Subscription business models are based upon the idea of selling access to a product or a service to customers on a recurring basis in order to receive monthly, semi- annual, or annual subscription revenue.
But how do you ensure your business is trending toward success?
Successful subscription businesses utilize specific metrics and pricing models to showcase growth.
What are Subscription Model Metrics?
CFOs, controllers, and financial analysts are currently facing a business environment that is more diverse and different than ever before. In the subscription world, there is a shift toward agile business models, with the focus being a customer-driven back office. The finance professionals want the ability to look forward into their subscription business to measure not only what’s happened in the past, but to analyze what is on the books today that is going to turn into tomorrow’s revenue growth.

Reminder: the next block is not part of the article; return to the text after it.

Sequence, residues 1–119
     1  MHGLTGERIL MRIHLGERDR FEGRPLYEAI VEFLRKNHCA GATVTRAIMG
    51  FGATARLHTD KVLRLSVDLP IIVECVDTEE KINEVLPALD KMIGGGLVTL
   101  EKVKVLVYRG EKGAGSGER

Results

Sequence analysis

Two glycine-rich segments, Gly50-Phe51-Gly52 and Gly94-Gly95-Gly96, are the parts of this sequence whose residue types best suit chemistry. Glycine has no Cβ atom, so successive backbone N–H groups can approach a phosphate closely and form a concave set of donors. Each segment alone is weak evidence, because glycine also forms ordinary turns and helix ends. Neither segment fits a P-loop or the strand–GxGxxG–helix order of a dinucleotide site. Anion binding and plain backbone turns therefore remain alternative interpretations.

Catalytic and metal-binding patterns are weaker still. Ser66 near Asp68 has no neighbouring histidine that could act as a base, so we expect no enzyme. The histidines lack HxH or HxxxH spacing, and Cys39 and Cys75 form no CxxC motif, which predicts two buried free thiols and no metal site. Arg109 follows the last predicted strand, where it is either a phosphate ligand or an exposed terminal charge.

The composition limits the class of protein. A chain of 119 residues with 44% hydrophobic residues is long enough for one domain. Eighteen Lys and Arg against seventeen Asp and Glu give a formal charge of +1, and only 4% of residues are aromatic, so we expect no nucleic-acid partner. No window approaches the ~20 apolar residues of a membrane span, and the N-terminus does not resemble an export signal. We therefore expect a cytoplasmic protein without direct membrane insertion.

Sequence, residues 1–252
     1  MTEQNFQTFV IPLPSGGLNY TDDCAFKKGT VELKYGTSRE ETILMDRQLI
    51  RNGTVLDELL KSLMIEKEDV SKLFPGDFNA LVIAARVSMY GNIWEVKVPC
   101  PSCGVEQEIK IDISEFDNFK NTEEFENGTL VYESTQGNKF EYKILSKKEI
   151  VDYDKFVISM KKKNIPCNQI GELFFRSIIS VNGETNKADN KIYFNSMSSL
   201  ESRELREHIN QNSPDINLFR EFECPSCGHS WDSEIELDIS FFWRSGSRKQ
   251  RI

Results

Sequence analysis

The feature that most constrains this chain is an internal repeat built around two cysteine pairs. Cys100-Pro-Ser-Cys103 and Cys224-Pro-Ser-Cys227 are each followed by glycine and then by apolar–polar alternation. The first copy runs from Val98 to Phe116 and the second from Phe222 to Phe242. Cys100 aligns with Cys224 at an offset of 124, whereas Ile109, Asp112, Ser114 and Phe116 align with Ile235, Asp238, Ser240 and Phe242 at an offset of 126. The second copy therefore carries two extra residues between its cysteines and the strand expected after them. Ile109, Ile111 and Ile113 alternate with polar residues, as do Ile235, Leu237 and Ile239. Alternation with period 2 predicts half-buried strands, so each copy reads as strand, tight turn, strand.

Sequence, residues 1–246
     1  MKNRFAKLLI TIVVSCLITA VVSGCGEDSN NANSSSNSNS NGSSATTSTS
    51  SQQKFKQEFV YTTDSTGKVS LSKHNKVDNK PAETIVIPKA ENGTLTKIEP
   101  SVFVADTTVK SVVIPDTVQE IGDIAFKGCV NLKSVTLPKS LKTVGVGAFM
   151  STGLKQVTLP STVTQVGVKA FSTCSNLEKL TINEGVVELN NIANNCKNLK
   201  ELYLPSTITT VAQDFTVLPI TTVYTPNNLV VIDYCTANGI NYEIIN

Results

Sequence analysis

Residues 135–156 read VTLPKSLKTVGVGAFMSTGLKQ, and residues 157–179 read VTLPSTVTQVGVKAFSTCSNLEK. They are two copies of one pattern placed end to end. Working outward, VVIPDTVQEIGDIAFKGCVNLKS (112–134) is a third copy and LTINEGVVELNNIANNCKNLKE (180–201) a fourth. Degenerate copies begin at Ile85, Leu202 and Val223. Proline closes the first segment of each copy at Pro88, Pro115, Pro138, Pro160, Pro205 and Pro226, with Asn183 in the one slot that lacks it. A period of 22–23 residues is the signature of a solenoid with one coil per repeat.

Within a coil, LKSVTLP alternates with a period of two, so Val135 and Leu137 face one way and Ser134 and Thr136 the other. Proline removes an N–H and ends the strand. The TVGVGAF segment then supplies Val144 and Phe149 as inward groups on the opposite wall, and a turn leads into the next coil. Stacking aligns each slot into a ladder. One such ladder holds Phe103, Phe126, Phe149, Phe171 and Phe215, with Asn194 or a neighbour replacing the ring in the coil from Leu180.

This new way of measuring business performance is being noticed by investors too. Subscription metrics are becoming more prevalent on earnings calls. Take the New York Times - on their Q1 2020 earnings call, they referenced that their subscription business is growing at the highest rates ever.
Even during COVID, a few companies that have subscription services that are booming, such as the e-learning market, Netflix, LYFT, and Uber.
This is why companies need to create and make an investment to build analytics in their current environments. Business Intelligence is a system to provide historical, current, and predictable views of all of your business operations, sales, finance, marketing, development, and products. BI turns data into business insights that allows managers and C-level executives to make strategic and analytical business decisions more accurately.